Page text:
Two things stand out about this new initiative. First, the initiative is not limited to a particular industry, signaling an intent to root out collusive schemes across the economy. Second, the DOJ has cited the initiative as an example of the kind of “proactive enforcement efforts” companies can expect from the division going forward. As the Deputy Assistant Attorney General for Criminal Enforcement put it in a recent speech, “the division cannot and will not wait for cases to come to us.”
In addition to the DOJ’s initiative, the FTC and other federal agencies have launched more targeted inquiries into specific industries with key roles in the supply chain or prone to especially high levels of inflation. Last fall, the FTC ordered nine large retailers, wholesalers, and consumer good suppliers to “provide detailed information that will help the FTC shed light on the causes behind ongoing supply chain disruptions and how these disruptions are causing serious and ongoing hardships for consumers and harming competition in the U.S. economy.” The FTC issued the orders under Section 6(b) of the FTC Act, which authorizes the Commission to conduct wide-ranging studies and seek various types of information without a specific law enforcement purpose. The FTC has in recent months made increasing use of 6(b) orders and we expect may continue to do so.
Amid widely reported backups in the nation’s ports, the DOJ announced in February that it was strengthening its partnership with and lending antitrust expertise to the Federal Maritime Commission to investigate antitrust violations in the ocean shipping industry. In a press release issued the same day, the White House charged that “[s]ince the beginning of the pandemic, these ocean carrier companies have been dramatically increasing shipping costs through rate increases and fees.” The DOJ has reportedly issued a subpoena to at least one major carrier as part of what the carrier described as “an ongoing investigation into supply chain disruption.”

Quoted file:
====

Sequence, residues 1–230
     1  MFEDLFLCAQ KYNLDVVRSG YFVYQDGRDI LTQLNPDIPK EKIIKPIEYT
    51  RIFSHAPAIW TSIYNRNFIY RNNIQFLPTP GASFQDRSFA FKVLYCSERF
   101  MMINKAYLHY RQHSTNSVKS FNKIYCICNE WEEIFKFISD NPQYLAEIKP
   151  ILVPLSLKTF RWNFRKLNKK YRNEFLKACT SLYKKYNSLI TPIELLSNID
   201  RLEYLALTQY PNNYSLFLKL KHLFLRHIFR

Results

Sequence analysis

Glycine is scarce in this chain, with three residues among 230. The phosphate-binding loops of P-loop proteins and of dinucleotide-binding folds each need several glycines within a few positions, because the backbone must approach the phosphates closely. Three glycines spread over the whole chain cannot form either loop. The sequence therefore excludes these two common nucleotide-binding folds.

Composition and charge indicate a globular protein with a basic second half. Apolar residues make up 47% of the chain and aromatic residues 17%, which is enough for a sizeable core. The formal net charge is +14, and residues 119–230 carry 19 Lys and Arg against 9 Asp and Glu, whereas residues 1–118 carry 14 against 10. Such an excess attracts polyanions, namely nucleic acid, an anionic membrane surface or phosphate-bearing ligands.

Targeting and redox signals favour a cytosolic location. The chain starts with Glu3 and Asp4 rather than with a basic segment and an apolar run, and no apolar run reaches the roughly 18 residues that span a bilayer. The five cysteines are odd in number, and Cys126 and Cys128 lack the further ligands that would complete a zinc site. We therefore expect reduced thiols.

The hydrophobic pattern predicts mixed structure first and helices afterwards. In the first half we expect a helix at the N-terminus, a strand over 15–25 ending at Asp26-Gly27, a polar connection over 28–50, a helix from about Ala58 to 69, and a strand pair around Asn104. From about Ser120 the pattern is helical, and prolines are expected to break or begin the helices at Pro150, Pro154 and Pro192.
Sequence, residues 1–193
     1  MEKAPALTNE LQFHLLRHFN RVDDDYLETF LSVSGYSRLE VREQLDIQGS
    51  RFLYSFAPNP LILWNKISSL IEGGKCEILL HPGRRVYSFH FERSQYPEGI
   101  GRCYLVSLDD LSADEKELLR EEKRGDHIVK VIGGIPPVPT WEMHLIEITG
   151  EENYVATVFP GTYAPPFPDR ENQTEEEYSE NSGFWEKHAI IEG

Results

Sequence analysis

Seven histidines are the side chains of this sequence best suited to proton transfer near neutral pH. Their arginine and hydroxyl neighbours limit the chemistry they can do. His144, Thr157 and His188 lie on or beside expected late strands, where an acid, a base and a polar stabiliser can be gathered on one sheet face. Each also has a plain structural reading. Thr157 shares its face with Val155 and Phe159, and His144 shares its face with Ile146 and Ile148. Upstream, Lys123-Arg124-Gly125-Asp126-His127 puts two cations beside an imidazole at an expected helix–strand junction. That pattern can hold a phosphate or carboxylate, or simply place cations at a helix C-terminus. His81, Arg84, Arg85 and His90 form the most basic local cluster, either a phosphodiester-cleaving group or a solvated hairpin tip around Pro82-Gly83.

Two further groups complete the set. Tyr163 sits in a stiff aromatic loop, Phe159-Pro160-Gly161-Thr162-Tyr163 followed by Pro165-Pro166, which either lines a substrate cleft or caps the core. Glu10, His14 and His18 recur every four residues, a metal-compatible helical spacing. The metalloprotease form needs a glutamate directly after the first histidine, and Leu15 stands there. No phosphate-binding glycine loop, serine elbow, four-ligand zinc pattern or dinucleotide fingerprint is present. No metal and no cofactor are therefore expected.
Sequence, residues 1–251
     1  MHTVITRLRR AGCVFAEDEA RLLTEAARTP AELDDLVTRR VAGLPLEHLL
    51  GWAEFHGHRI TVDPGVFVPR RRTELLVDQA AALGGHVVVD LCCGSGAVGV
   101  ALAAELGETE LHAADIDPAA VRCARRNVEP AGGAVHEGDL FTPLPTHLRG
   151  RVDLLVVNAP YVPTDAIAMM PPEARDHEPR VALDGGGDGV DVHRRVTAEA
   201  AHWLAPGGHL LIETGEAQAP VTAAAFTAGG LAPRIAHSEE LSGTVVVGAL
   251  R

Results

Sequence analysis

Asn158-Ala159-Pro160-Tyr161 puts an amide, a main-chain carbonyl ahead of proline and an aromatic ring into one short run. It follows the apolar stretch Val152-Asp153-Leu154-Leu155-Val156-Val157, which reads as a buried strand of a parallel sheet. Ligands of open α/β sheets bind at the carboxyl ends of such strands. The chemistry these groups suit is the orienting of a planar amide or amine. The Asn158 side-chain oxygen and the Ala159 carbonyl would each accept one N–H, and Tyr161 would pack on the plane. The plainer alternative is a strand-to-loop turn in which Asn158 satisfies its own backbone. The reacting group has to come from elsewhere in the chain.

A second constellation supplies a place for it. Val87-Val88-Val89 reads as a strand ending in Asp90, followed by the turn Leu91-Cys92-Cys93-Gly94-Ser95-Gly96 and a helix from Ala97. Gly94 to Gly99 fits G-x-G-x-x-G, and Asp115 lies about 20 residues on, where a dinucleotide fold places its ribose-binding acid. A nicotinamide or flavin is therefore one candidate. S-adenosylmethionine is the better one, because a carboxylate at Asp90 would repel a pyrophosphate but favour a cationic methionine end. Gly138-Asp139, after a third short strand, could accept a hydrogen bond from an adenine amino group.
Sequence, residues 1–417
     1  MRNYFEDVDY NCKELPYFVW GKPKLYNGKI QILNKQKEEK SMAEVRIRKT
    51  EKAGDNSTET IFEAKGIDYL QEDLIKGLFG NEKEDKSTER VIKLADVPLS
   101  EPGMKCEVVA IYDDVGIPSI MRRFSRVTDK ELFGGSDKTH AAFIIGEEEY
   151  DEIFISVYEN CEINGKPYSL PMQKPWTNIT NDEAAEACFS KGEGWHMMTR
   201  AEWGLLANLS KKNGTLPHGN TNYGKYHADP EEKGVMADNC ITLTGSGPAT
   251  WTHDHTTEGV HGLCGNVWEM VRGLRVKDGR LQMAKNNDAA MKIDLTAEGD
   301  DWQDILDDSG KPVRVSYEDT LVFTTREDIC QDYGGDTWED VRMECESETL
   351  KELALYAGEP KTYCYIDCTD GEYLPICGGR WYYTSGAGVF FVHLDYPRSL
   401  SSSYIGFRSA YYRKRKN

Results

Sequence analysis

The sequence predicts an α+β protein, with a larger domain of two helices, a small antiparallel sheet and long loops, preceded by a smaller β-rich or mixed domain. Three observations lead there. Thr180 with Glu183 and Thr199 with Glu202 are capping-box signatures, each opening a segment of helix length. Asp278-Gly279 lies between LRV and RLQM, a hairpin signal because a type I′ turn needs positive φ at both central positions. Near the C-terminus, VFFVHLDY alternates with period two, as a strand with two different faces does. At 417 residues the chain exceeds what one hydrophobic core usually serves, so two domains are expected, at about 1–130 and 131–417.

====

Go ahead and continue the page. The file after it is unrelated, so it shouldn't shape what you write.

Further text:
The administration’s efforts to combat inflation through antitrust enforcement have been especially pronounced in the meat processing industry. The White House has called for “bold action to enforce the antitrust laws [and] boost competition in meat processing.” Although the DOJ suffered some well-publicized losses in criminal trials against some chicken processing company executives, the DOJ has obtained a $107 million guilty plea by one chicken producer and several indictments.
Most recently, the FTC launched an investigation into shortages of infant formula, including “any anticompetitive  practices that have contributed to or are worsening this problem.” These actions are notable both for the variety of industries and products involved and for the multitude of enforcement mechanisms used, from informal studies with no law enforcement purpose to criminal indictments.
In addition to exposing and prosecuting antitrust violations that may be contributing to inflation and supply issues today, the Administration is taking steps to prevent further consolidation of supply chains, which it has identified as a root cause of supply disruptions. DOJ Assistant Attorney General Kanter recently said that “[o]ur markets are suffering from a lack of resiliency. Among many other things, the consequences of the pandemic have revealed supply chain fragility. And recent geopolitical conflicts have caused prices at the pump to skyrocket. And, of course, there are shocking shortages of infant formula in grocery stores throughout the country. These and other events demonstrate why competition is so important. Competitive markets create resiliency. Competitive markets are less susceptible to central points of failure.”